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The Bone's latest weapon? Text messages


They won't be sending and receiving the same kind of pidgin messages you might see on your cellie ("where u at!?") but the crews of the Air Force's B-1B Lancers will soon be texting.

Improved workstations, communications links and other upgrades are part of the latest block of improvements the Air Force is adding to its B-1s, the service said. Even though it apparently will not include new ordnance for the bomb bay -- yet -- the upgrade could well make the Bone even deadlier.

Per the Air Force:

Sustainment-Block 16 upgrades include a fully integrated data link in the aft station and vertical situation display upgrade in the front station as well as updates to navigation, radar and diagnostic systems. "The B-1 has never seen this many upgrades in one block," said Maj. Thomas Bryant, the 337th Test and Evaluation Squadron assistant director of operations. "These upgrades will give us an entirely new aircraft; this is a game changer."

The aft crew station will now receive five new color displays, all capable of providing moving maps and data link integration. Weapon systems officers will receive full "QWERTY" keyboards and new controllers to interface with the integrated battle station software.

Furthermore, a new MIDS LVT-1 radio, using integrated battle station capabilities, brings the B-1 into the Link-16 network, allowing the B-1 to send and receive text messages, imagery and mission assignments.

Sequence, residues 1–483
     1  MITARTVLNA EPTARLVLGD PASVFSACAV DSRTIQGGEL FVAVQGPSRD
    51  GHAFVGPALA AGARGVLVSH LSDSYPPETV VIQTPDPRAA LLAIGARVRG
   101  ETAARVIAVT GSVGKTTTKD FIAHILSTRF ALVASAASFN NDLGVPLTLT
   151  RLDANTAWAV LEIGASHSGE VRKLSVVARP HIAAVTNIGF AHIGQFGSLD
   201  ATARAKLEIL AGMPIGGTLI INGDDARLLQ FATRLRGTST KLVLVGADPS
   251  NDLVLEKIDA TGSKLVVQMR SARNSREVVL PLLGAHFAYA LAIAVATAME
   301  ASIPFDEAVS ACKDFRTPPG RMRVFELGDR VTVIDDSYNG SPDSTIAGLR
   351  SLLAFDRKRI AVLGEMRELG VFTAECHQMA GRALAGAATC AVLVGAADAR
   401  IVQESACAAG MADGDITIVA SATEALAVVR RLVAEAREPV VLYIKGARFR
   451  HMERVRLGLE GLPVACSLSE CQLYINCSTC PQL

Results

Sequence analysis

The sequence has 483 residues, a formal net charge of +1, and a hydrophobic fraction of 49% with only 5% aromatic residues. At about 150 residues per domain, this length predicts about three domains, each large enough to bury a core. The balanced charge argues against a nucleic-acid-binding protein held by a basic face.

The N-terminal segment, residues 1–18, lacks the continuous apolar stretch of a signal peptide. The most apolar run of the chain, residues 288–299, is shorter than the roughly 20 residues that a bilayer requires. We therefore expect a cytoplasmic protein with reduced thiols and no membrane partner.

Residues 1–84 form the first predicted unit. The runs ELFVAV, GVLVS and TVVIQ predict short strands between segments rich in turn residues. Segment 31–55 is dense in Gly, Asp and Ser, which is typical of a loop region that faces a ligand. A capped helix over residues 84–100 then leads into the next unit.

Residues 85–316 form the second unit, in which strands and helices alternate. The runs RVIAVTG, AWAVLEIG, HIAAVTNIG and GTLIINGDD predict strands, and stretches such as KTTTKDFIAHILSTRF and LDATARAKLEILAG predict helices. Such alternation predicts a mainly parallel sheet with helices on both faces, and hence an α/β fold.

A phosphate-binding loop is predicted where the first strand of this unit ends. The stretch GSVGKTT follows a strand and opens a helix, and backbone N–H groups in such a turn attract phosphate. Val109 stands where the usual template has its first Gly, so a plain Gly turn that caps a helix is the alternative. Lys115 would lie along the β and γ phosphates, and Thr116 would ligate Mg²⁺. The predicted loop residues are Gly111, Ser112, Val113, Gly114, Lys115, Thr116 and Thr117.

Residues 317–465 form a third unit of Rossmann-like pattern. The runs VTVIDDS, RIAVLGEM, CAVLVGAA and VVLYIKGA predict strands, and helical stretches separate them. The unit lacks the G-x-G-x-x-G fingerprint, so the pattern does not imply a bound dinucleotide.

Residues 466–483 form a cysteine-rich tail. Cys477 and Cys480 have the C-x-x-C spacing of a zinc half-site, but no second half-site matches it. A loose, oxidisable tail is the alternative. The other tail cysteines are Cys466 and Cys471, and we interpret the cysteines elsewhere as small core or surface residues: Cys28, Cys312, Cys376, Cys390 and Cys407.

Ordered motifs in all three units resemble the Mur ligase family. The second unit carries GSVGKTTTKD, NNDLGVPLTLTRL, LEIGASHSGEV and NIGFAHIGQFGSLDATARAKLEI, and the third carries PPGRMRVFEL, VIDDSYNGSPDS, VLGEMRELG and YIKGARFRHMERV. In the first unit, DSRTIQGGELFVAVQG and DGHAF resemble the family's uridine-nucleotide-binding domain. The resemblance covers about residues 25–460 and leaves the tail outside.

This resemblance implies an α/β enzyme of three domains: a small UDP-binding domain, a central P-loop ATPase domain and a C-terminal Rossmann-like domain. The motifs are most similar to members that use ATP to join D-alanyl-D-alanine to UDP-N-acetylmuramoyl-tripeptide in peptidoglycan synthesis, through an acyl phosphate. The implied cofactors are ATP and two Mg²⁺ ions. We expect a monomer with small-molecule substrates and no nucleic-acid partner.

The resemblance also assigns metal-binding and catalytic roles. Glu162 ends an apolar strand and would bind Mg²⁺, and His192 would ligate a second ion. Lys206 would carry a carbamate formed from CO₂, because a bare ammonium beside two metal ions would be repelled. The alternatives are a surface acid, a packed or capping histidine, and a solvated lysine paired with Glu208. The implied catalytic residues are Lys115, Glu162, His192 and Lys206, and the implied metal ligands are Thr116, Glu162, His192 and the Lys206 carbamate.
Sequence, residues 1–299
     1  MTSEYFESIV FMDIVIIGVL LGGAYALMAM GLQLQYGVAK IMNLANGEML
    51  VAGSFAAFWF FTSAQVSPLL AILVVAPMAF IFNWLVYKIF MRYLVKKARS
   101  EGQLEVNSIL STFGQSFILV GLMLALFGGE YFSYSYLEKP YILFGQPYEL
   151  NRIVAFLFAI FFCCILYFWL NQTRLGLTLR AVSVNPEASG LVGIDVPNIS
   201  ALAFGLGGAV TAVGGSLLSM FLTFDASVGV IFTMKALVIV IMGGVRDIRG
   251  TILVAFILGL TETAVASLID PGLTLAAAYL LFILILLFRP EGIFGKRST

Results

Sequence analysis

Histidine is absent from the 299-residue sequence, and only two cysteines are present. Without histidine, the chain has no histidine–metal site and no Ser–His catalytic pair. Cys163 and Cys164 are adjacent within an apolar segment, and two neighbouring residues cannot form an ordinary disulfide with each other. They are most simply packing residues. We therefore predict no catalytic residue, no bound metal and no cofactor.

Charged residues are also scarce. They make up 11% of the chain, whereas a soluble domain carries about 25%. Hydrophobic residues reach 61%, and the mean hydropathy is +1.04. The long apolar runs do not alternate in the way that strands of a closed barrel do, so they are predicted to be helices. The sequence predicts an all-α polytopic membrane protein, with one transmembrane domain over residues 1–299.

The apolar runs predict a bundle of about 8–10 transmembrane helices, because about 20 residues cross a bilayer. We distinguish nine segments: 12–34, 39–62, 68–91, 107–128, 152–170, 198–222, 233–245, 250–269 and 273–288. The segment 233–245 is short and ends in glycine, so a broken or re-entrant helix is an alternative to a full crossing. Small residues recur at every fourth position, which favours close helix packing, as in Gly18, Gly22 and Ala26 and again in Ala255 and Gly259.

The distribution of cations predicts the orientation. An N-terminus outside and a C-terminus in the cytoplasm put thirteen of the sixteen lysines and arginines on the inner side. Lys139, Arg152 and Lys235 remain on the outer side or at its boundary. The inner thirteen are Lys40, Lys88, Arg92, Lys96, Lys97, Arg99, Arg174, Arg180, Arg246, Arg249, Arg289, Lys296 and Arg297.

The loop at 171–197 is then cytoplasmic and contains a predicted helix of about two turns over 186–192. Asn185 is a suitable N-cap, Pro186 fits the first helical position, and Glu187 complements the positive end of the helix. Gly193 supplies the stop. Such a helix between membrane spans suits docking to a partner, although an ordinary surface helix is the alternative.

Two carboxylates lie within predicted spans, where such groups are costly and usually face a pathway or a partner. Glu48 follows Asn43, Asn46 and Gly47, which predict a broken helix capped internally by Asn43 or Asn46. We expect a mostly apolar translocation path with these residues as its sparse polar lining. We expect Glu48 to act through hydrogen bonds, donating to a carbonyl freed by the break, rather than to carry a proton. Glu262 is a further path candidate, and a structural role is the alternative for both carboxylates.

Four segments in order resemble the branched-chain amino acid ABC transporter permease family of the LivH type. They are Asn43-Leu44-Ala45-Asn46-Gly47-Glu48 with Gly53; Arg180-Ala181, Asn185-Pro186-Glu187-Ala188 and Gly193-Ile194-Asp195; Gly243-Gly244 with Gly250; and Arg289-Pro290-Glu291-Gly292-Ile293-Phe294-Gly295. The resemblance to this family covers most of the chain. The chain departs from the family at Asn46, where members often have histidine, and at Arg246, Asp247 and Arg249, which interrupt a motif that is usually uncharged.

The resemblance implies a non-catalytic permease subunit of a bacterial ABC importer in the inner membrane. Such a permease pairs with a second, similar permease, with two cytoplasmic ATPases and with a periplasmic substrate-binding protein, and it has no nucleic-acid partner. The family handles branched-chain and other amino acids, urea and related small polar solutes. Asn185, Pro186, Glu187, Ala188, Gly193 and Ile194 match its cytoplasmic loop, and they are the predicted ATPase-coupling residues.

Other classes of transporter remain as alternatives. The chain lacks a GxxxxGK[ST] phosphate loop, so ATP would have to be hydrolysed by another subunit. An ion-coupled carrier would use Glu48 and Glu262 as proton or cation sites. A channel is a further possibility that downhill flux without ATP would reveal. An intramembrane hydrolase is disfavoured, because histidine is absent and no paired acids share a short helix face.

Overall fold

Unlike current messaging capabilities, fully integrated data link assignments will interface directly with the aircraft, allowing combat commanders the capability to send target sets directly to weapons onboard the B-1.

"The new data link capability is huge for the B-1," Bryant said. "Command and control assets will have the ability to send us targets electronically, automatically linking into our system rather than manually entering the coordinates."

Sounds pretty convenient for the bombers' crews, and their pilots and co-pilots also will get upgraded displays and other refinements up in front, the Air Force says.

But it and its sibling services still have a long way to go before they achieve the kind of comprehensive integration that Chief of Staff Gen. Norton Schwartz and Chief of Naval Operations Adm. Jonathan Greenert talked about last month. In the world of Air-Sea Battle -- so we understand for now -- a B-1 would have to be able to share the operational picture of, say, a distant Navy E-2 Hawkeye early warning aircraft, or it might have to be able to see what a Marine Corps F-35B is seeing hundreds of miles in the other direction.

The B-1s' current upgrades are a start, but even Schwartz and Greenert admit they've got a long way to go before the real-world capabilities of their fleets match their vision for the future.

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